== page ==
There’s only one difference between a mad man and me. The mad man thinks he is sane. I know I am mad — Salvador Dali
These lines haunt me when I see the surrealistic rendering of crippled society on Samir Aich’s canvases. From primordial to now, paradise to perdition, divine or the godless, virtuous or evil — the paintings are vessels of powerful ideas born out of dilemmas spawned by the collision of these real yet strange forces, the colours ignited by the transition of time. Paradoxically, the expression of his thoughts is as compelling as the seeming urgency to obliterate them in a swipe. Yet, Samir Aich’s subjects conjure the very real struggles that we experience in the loop of indestructible creation. The primitive beasts that repeatedly show up in his paintings are scathing brooders overseeing humanity’s self-imposed wounds from time immemorial. The artist’s hollow men have no wants or desires of their own, yet they are out to snuff out the last filament of thought, feeling or joy left in the world — they betray the underlying psychology of the artist’s perception of society. Perhaps, it’s not possible to detoxify society. But the toxins can be clearly delineated. So, we see these impressive essays that mirror the artist’s clear-eyed views. Somehow, they lift our senses even in a heap of twisted pain.
Aich skillfully presents humanity’s savage instincts through his subjects. The structure and layout of his paintings create a deliberate drama that metaphorizes society. In 1937, Picasso had said about his painting, Guenica: ‘A painting is not made to decorate apartments. It is an offensive and defensive weapon against the enemy.” The architecture of Samir Aich’s paintings seems to support that sentiment. I am as drawn to his portrayals of a bed in a concentration camp or the howling void of a hospital amid a pandemic, as I am to the scorched, bare-bodied beings that peep out of fissures. The emperor’s throne wobbles on a chessboard; a lascivious creature recoils in the glare of fearless eyes; a grievously-wounded Jatayu lies on the floor — these are not just eloquent tropes. They force us to question our permanent state of defeat, wonder how many more blows we can take. So, I see these paintings in a different light altogether.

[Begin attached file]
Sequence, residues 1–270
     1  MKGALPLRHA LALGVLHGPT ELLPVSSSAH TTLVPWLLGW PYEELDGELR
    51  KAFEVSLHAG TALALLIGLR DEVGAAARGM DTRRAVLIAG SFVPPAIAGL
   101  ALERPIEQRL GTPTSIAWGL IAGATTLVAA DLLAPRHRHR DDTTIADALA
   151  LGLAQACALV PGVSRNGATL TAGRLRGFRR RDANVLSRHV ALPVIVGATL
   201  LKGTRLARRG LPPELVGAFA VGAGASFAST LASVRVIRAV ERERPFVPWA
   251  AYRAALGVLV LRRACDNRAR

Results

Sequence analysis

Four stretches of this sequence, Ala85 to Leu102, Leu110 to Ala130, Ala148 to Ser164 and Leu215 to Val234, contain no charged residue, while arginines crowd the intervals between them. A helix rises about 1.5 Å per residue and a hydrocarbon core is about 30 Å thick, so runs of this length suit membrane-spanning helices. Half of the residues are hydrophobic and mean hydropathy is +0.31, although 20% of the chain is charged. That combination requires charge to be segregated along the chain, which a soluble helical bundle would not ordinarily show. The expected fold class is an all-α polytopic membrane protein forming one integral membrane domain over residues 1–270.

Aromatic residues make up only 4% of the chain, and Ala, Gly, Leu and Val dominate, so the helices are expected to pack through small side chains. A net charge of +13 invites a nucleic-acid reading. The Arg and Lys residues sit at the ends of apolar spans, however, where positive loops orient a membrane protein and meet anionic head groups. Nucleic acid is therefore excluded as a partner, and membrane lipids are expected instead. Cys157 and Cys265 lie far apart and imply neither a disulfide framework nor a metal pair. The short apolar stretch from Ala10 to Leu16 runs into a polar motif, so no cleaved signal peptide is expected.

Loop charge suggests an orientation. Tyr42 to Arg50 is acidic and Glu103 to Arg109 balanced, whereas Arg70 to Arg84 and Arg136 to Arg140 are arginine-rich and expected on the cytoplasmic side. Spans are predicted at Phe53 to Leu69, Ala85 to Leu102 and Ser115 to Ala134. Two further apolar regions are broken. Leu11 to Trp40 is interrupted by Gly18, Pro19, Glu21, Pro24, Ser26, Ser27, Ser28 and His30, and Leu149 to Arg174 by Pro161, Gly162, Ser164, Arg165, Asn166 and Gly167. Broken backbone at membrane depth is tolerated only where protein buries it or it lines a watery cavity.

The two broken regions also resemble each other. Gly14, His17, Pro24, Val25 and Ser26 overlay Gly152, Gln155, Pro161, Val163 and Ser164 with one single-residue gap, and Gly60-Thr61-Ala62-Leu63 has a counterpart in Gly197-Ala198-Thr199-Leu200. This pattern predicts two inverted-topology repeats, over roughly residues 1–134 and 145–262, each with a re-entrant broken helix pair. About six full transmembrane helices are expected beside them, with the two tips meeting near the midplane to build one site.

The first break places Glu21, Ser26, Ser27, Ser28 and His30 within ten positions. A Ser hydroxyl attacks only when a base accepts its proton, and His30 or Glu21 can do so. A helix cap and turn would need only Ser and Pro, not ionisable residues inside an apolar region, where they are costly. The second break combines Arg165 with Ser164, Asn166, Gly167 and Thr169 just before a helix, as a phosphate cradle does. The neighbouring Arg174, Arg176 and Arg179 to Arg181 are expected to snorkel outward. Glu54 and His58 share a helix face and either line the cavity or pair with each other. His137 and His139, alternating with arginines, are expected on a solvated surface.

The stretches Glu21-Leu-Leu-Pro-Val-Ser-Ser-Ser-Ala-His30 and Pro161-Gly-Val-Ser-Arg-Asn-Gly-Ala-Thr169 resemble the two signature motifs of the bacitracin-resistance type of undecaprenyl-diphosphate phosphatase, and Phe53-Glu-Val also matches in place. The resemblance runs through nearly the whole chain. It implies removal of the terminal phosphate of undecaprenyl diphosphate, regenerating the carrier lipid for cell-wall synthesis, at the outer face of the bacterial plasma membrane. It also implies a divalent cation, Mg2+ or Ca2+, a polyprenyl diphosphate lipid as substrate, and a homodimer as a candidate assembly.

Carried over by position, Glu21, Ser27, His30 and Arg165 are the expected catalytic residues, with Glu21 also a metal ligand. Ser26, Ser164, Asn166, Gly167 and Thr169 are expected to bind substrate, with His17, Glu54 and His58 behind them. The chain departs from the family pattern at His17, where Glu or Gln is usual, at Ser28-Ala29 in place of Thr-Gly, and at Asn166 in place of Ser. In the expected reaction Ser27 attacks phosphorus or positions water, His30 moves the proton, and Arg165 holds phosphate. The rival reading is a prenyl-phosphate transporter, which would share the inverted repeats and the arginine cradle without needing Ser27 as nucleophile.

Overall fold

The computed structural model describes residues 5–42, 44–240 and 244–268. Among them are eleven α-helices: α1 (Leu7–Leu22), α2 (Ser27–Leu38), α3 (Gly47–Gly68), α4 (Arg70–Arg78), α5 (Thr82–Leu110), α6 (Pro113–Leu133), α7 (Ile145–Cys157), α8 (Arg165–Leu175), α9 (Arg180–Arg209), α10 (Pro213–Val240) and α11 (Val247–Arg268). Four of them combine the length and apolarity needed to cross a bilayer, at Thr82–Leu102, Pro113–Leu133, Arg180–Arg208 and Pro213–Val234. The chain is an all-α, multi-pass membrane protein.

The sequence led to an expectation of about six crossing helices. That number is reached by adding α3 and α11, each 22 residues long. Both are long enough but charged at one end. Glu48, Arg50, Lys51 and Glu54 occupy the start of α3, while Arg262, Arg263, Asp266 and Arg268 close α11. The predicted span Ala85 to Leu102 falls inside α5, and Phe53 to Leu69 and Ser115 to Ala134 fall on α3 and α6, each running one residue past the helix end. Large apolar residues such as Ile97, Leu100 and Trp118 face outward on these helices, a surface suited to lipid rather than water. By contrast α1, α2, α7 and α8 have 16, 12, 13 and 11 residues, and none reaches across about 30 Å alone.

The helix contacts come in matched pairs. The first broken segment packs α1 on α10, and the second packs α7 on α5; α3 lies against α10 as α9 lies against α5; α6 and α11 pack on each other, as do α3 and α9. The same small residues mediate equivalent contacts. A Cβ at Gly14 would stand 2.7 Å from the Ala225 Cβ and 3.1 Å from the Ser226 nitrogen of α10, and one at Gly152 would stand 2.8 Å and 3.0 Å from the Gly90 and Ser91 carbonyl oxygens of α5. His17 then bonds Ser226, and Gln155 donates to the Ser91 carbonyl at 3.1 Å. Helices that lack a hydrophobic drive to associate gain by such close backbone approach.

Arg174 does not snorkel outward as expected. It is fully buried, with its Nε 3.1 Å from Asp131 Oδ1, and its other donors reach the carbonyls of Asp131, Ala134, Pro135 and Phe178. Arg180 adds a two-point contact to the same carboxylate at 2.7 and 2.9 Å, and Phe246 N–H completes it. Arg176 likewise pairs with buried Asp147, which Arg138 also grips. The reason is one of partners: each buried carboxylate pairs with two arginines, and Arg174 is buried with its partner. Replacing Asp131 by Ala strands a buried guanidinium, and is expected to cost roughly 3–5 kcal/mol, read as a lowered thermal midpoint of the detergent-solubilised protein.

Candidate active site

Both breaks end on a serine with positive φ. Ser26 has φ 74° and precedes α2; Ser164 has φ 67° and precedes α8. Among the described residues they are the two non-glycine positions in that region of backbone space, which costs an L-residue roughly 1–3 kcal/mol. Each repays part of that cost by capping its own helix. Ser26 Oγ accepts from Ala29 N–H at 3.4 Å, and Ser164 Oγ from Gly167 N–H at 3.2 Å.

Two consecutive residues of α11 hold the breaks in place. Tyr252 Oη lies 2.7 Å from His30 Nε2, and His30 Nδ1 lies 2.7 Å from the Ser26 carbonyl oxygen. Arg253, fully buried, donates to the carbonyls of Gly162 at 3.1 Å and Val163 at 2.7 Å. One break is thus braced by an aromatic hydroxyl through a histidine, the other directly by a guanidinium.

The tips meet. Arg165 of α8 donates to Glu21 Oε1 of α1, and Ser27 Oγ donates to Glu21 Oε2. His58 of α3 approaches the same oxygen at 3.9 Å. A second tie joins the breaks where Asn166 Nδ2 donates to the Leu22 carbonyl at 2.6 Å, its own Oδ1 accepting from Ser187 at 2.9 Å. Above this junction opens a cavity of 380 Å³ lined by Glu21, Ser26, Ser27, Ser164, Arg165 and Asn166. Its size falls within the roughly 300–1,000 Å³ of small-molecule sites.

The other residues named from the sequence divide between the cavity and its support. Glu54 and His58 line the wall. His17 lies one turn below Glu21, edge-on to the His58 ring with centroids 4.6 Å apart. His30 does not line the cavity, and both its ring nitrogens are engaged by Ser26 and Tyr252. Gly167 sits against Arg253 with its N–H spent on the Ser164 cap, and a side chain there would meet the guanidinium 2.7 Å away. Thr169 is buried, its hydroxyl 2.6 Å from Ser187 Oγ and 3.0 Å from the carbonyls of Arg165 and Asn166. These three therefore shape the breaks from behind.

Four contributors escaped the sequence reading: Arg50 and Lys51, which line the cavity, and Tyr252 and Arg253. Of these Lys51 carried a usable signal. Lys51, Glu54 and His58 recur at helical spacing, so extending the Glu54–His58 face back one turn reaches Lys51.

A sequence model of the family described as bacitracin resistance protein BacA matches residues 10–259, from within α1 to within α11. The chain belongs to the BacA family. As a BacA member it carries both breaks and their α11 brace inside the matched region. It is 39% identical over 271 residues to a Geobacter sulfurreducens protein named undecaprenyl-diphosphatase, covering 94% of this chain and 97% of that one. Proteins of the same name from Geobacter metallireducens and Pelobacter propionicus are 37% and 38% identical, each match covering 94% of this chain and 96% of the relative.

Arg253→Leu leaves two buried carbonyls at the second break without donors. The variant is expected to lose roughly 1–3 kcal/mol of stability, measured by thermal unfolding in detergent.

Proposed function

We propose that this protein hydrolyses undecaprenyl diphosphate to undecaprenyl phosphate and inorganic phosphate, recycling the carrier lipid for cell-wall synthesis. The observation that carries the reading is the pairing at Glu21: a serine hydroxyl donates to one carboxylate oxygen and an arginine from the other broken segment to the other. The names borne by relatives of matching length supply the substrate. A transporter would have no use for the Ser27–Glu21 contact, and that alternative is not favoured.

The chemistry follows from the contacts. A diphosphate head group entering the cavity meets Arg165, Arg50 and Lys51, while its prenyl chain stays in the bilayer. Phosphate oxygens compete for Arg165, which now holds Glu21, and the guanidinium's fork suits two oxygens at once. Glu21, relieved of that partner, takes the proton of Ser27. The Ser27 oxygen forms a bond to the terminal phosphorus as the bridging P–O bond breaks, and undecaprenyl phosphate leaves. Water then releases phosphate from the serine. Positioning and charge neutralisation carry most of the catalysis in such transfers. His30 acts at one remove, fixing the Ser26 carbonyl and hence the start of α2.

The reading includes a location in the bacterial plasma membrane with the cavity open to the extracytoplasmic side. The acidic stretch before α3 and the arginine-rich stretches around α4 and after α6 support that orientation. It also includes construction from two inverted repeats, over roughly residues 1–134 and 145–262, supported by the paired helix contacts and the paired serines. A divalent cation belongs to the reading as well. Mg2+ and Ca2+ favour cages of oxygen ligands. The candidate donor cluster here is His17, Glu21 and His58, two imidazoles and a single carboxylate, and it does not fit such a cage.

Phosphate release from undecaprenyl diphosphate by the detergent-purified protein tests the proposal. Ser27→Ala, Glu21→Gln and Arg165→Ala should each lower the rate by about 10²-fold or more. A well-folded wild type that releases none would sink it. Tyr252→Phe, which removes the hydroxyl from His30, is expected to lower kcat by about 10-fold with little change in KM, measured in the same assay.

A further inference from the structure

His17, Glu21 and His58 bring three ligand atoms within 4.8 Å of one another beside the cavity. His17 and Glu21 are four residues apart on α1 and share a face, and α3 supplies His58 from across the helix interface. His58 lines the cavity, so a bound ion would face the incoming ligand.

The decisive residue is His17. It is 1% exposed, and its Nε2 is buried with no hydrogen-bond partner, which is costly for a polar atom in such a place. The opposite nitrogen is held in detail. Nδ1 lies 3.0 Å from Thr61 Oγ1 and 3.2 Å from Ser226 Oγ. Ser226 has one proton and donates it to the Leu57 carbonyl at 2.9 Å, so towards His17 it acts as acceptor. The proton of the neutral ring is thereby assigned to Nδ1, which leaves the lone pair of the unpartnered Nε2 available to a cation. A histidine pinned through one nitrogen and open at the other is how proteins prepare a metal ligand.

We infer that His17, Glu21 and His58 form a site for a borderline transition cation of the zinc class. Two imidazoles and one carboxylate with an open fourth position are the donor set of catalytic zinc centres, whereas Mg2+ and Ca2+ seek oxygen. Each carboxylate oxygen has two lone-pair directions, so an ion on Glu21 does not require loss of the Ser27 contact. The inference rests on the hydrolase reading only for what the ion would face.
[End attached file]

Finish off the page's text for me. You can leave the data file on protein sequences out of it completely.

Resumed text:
Samir Aich’s paintings hurl tough questions at the viewer on behalf of the exploited, people whose dreams have been crushed. By bluntly projecting cruel power in the form of a famished leopard, slobbering tongue out, in a swarm of humans, the artist is saying, ‘Emperor, where are your clothes?’
The artist’s paintings remind me of Peter Paul Reubens’ Consequences of War. Also, of Salvador Dali’s The Face of War; and John Nash’s Over the Top. My mind goes back to Francisco Goya’s The Third of May, 1808 or even Umberto Boccioni’s Charge of the Lancers. It also transports me to Samir Aich’s own painting on the battle at Kurukshetra.
The danse macabre does not weigh me down, rather its stinging beauty exhilarates.